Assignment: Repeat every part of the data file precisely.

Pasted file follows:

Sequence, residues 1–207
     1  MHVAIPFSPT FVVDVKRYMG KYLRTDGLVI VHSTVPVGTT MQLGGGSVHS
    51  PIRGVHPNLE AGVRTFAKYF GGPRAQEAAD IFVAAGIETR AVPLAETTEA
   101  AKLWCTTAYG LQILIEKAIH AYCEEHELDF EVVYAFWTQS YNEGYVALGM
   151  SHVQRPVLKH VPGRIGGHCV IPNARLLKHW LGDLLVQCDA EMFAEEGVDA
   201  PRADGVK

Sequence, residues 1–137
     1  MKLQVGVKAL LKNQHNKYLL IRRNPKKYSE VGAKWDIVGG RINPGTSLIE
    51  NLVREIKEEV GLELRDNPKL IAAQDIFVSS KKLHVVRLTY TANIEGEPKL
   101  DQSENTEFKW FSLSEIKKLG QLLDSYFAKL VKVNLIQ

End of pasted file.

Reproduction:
Sequence, residues 1–207
     1  MHVAIPFSPT FVVDVKRYMG KYLRTDGLVI VHSTVPVGTT MQLGGGSVHS
    51  PIRGVHPNLE AGVRTFAKYF GGPRAQEAAD IFVAAGIETR AVPLAETTEA
   101  AKLWCTTAYG LQILIEKAIH AYCEEHELDF EVVYAFWTQS YNEGYVALGM
   151  SHVQRPVLKH VPGRIGGHCV IPNARLLKHW LGDLLVQCDA EMFAEEGVDA
   201  PRADGVK

Sequence, residues 1–137
     1  MKLQVGVKAL LKNQHNKYLL IRRNPKKYSE VGAKWDIVGG RINPGTSLIE
    51  NLVREIKEEV GLELRDNPKL IAAQDIFVSS KKLHVVRLTY TANIEGEPKL
   101  DQSENTEFKW FSLSEIKKLG QLLDSYFAKL VKVNLIQ